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Mechanisms of Arsenic-Induced Developmental Toxicity

Bain, Lisa
Clemson University
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Arsenic is an enormous public health problem as it is a contaminant of drinking water in many parts of the world. A number of recent epidemiological studies have correlated arsenic exposure with adverse developmental outcomes such as stillbirths, spontaneous abortions, neonatal mortality, low birth weight, and delays in the use of musculature. Studies in rodents also demonstrate that offspring of pregnant dams exposed to arsenic have increases in preterm death, low birth weight, and changes in locomotor activity.

Using a model fish species termed mummichogs, our laboratory has shown developmental abnormalities in offspring exposed to 230ppb arsenic during gametogenesis, which correlated with an upregulation of genes involved the musculature, such as myosin light chain 2, tropomyosin, and parvalbumin. We have also demonstrated that exposure of C2C12 myocyte cells to 20nM arsenic resulted in a delay in myoblast differentiation that correlated to a reduction in myogenin expression and a reduction in methyltransferase expression.

Thus, we propose to investigate the mechanisms underlying the increase in developmental abnormalities and changes in myogenesis after exposure to arsenic using the C2C12 cell line. Our hypothesis is that inappropriate expression of transcription factors involved in skeletal muscle development, coupled with altered gene methylation, is a mechanism partly responsible for altered myogenesis and the developmental abnormalities in arsenic-exposed offspring. We will test this hypothesis by exposing C2C12 myoblast cells to increasing concentrations of arsenic to investigate the time and dose-dependent changes in differentiation, multinucleation, muscle-specific genes, and myogenic transcription factor expression by real-time PCR and immunoblotting.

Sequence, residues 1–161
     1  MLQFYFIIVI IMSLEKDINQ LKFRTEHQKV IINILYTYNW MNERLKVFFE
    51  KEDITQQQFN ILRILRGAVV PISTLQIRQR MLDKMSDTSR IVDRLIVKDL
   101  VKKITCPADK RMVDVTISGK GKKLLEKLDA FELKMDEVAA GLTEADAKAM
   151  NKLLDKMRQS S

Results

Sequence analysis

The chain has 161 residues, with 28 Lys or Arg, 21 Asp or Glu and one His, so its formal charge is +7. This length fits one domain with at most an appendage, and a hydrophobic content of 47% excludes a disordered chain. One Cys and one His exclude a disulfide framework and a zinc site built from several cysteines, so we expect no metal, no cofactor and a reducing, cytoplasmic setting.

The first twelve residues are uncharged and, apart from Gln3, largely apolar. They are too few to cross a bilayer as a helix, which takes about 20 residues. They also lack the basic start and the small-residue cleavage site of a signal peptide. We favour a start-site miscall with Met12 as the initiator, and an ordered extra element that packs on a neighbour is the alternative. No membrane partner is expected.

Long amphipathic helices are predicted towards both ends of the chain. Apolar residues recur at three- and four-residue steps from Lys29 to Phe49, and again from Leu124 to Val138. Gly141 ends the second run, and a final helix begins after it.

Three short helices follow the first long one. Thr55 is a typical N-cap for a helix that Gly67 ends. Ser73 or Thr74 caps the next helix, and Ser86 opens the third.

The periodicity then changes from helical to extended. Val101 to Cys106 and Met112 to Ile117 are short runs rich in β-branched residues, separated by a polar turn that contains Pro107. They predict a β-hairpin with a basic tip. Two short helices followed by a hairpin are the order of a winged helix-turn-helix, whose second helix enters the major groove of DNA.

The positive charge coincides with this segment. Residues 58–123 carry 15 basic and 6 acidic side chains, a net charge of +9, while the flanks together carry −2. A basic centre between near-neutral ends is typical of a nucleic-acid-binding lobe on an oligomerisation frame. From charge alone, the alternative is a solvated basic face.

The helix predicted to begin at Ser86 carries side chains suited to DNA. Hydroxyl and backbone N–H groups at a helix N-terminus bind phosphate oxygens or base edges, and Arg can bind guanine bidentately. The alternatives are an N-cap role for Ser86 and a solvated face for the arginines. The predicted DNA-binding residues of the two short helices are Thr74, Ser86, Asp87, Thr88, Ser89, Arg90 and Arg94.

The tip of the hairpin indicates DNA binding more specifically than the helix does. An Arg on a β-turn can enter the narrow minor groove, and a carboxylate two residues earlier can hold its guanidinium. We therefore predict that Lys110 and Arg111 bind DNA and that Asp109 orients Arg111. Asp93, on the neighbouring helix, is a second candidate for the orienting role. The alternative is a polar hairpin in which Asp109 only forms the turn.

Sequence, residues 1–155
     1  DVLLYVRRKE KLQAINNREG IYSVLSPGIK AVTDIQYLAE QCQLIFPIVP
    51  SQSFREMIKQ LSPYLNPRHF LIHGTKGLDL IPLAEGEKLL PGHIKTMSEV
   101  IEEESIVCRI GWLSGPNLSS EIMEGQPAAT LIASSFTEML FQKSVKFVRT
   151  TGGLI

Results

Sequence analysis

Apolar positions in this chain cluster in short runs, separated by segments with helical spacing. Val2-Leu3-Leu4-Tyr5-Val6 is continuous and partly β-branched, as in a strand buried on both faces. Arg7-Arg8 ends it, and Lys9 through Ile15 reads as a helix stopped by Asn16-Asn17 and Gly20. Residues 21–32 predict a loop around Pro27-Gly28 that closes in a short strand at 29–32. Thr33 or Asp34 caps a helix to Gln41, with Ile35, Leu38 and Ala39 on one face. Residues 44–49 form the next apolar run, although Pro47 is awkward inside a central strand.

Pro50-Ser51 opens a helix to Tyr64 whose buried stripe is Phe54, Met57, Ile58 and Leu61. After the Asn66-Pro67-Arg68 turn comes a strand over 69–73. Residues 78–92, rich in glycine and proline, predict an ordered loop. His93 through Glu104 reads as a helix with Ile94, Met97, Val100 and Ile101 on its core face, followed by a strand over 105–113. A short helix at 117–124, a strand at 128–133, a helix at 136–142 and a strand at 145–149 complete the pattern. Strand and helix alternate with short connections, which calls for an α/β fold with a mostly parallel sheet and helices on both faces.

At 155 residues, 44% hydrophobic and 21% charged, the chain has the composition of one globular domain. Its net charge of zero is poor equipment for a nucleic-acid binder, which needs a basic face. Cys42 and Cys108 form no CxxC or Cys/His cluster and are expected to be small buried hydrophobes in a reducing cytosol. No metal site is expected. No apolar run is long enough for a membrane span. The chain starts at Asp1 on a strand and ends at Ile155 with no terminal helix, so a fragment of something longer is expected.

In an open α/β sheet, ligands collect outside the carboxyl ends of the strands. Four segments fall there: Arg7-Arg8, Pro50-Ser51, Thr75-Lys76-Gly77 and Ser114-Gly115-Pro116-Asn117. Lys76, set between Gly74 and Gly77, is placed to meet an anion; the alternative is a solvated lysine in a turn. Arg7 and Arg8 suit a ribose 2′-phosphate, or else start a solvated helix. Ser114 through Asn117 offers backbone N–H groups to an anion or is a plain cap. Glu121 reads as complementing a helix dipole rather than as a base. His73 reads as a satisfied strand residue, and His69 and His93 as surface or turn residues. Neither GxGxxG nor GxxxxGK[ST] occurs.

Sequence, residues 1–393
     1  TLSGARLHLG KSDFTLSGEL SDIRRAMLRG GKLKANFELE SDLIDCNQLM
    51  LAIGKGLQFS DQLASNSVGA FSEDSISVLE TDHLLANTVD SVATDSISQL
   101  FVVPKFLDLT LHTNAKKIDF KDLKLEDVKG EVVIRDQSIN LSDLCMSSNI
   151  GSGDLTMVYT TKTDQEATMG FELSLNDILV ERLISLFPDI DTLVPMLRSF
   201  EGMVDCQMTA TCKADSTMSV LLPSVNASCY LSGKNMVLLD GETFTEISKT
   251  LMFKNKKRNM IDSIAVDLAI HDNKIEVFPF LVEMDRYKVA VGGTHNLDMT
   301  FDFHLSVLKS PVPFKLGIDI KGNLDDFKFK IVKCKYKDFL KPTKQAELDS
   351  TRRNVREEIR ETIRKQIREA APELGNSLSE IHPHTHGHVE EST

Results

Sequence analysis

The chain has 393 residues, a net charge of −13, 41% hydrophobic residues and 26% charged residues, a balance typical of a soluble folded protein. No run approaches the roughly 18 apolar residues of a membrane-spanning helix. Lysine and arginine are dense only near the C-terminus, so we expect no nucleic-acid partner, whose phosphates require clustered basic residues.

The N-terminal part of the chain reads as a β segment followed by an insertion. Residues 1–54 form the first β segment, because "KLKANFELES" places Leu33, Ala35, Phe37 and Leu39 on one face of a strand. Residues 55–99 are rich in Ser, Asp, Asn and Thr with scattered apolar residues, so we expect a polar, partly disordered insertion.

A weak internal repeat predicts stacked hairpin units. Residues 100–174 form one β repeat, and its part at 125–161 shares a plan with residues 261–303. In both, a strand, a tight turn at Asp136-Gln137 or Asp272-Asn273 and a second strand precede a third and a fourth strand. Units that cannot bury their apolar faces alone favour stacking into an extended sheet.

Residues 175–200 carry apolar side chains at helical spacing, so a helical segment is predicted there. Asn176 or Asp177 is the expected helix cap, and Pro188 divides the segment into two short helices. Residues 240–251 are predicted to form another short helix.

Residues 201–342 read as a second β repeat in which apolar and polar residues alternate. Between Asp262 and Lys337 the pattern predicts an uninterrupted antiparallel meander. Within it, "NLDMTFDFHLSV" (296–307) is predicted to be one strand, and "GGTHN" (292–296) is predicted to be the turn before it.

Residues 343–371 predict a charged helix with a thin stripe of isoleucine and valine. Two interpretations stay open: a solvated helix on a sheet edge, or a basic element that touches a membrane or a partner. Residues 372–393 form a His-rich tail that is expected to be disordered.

To investigate the mechanisms responsible for the lack of differentiation, DNA methylation, methyltransferase activity and expression, and methylation precursors will be examined. Finally, methylation inducers and inhibitors, and transfection of methyltransferase genes will be used to determine whether the myogenic phenotype and myogenic protein expression can be altered.

Our laboratory is well positioned to carry out the proposed studies because we have experience in examining the effects of arsenic on development, and on differential gene and protein expression. We have previously been examining phenotypic and gene expression changes after arsenic exposure in a model fish species, and now wish to further our in vivo findings by using a cell model to examine arsenic's mechanisms of action as it relates to altered development and altered myogenesis.

PUBLIC HEALTH RELEVANCE: The ultimate benefit of this work is to assess the mechanisms of how environmentally realistic arsenic exposure impacts development, and help to examine whether the drinking water standard for arsenic is protective of human health.

More information
For additional information, including history, sub-projects, results and publications, if available, visit the Project Information web page at the National Institutes of Health Research Portfolio Online Reporting Tool (RePORTER) database.
Funding Source
Nat'l. Inst. of Environmental Health Sciences
Project number
Sanitation and Quality Standards